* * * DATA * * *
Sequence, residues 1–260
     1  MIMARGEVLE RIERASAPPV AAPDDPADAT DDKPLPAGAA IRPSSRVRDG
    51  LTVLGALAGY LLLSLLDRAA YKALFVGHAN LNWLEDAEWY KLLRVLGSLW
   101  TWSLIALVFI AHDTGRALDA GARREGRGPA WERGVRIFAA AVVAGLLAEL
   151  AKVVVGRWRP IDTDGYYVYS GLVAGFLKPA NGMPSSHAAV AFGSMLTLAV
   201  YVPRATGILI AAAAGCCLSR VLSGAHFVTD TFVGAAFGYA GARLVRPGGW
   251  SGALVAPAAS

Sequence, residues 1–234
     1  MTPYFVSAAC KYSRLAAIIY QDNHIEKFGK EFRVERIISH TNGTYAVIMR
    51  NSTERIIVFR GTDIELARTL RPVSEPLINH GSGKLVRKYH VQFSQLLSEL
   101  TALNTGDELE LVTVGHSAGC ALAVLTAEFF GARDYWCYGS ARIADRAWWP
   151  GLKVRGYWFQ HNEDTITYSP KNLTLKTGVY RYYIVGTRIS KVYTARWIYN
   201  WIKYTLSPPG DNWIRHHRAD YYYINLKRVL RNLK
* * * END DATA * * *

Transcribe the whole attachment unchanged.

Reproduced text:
Sequence, residues 1–260
     1  MIMARGEVLE RIERASAPPV AAPDDPADAT DDKPLPAGAA IRPSSRVRDG
    51  LTVLGALAGY LLLSLLDRAA YKALFVGHAN LNWLEDAEWY KLLRVLGSLW
   101  TWSLIALVFI AHDTGRALDA GARREGRGPA WERGVRIFAA AVVAGLLAEL
   151  AKVVVGRWRP IDTDGYYVYS GLVAGFLKPA NGMPSSHAAV AFGSMLTLAV
   201  YVPRATGILI AAAAGCCLSR VLSGAHFVTD TFVGAAFGYA GARLVRPGGW
   251  SGALVAPAAS

Sequence, residues 1–234
     1  MTPYFVSAAC KYSRLAAIIY QDNHIEKFGK EFRVERIISH TNGTYAVIMR
    51  NSTERIIVFR GTDIELARTL RPVSEPLINH GSGKLVRKYH VQFSQLLSEL
   101  TALNTGDELE LVTVGHSAGC ALAVLTAEFF GARDYWCYGS ARIADRAWWP
   151  GLKVRGYWFQ HNEDTITYSP KNLTLKTGVY RYYIVGTRIS KVYTARWIYN
   201  WIKYTLSPPG DNWIRHHRAD YYYINLKRVL RNLK